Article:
Community Supervision
The community supervision team supervises children who are on release from juvenile detention and pending court, those placed on deferred prosecution, children on court ordered probation or intensive supervision probation.  In 2017 the total number of referrals to the department totaled 288 and the number of juveniles supervised was 151.Currently, a Deputy Director, senior juvenile probation officers and five juvenile probation officers serve as Grayson County’s community supervision officers.  With a combined total of over 76 years of experience, the JPO’s provide case plan services, supervise community service restitution, Parenting Wisely program, sex offender out-patient treatment program, victim’s impact panels, anger management psycho-educational program and substance abuse psycho-educational program.  Along with their commitment to providing ongoing services, the community supervision team visit’s their assigned cases at school, home, work and other community related areas.

The JPO’s provide continuity of care for children placed outside of their homes in relative placements, group homes, treatment and secure level 5 facilities.  Continued contact with the child and their families as well as collateral agencies assures successful reintegration into the community.  Residential case plans, periodic placement visits and treatment team meetings for the child combined with linking families with existing social services helps continue assuring family involvement in the placement process.  In 2017, the Grayson County Juvenile System placed 22 juveniles in either a secure or non-secure facility throughout the state of Texas.

Collection of fees for professional services, probation supervision, specialized programs, child placement support, restitution to victims as well as court ordered attorney fees decreases Grayson County’s financial burdens and provides victim’s some financial remuneration.  A combined total of $32,205.00 was received by the department from parents and children as financial obligations.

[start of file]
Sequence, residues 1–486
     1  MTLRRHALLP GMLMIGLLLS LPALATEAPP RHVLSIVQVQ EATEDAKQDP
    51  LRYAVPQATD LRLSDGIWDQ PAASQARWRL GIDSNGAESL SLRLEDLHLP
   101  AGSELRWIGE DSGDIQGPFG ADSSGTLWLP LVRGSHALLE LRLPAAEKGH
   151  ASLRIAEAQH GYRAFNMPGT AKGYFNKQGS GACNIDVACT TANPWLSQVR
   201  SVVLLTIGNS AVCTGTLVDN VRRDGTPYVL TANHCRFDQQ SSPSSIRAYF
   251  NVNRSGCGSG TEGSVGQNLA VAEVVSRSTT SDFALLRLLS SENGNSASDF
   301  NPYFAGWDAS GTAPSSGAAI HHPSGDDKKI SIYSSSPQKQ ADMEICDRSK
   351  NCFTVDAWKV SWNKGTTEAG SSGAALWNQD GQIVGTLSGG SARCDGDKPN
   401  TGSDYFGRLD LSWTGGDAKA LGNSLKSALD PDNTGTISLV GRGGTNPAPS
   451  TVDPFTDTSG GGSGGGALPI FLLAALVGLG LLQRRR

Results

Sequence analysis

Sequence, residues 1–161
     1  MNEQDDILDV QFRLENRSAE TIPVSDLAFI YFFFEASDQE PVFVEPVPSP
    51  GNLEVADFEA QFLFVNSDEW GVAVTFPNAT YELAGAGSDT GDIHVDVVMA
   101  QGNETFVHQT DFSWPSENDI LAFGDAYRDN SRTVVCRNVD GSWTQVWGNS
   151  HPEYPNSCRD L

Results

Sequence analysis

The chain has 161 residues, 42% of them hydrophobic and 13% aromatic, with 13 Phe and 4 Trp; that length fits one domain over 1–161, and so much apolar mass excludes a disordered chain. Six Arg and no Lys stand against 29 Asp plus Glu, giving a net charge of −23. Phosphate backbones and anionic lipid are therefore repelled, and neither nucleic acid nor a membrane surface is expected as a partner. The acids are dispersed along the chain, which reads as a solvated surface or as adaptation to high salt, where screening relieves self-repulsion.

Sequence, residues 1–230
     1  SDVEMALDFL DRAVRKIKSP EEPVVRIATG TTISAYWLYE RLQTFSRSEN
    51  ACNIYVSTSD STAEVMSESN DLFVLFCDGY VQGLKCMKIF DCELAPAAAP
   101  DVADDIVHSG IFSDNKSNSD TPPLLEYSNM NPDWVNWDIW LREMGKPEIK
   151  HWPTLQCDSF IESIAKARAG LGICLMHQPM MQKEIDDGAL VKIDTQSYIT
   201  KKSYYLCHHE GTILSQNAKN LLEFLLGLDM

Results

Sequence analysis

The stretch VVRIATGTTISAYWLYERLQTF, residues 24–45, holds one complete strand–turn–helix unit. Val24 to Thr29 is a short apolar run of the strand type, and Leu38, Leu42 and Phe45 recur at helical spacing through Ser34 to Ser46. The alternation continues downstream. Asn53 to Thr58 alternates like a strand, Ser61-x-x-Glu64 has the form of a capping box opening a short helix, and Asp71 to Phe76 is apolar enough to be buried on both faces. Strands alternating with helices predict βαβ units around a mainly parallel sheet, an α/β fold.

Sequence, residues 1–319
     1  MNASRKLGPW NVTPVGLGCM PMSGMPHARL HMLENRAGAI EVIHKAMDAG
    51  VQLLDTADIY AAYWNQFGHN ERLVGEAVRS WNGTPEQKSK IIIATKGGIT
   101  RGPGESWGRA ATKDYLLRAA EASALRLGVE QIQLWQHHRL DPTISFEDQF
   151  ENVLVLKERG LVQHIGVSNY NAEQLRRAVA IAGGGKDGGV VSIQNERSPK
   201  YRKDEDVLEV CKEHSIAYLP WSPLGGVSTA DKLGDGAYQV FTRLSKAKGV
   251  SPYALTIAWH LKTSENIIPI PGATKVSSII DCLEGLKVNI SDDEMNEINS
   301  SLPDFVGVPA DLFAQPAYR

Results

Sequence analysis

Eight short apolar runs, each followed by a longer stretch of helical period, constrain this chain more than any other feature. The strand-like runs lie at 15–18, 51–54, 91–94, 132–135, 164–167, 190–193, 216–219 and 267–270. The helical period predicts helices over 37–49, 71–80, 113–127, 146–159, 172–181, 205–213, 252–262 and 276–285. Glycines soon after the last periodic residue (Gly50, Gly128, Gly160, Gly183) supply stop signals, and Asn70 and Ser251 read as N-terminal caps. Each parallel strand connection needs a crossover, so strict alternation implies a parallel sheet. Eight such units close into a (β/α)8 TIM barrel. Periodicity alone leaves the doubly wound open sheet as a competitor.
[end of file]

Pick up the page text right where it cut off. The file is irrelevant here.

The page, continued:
Community service restitution (CSR) is ordered by the Courts to allow children to “pay back” their community for unlawful acts.  CSR is also a way for children to develop a since of citizenship within their community.  Traditionally CSR activities are work related.  The community supervision team conducts work related activities such as:  cleaning up football stadiums after home games, caring for areas around the juvenile services department or airport.  However, CSR can be “paid” by attending educational workshops relating to peer pressure, job training, decision making and personal budgeting, providing canned foods to food banks, school supplies to needy children, attending school and making good grades during days of attendance and attending specialized programs aimed at assisting a child make good, informed life choices.

Juvenile Probation Officers have the responsibility of determining if detention of a child for alleged delinquent conduct is warranted.  JPO’s determine if detention is warranted using risk factors that take into consideration the following:

  • Is the child likely to runaway from the jurisdiction of the court;
  • Is there a suitable parent/guardian to supervise the child;
  • Said child has no parent, guardian, custodian or other person able to return the child to the court when required;
  • Said child may be dangerous to himself or may threaten the safety of the public if released; or
  • Is the child currently under the supervision of the department and likely to commit another offense if released.

There are unfortunate times when a child does not follow their deferred agreement, probation order or are productive in their placement.  The community supervision team becomes responsible for assuring that the community is protected and files a motion to revoke the child’s probation seeking placement out of the home or to the care, custody and control of the Texas Juvenile Justice Department-Institutional Care.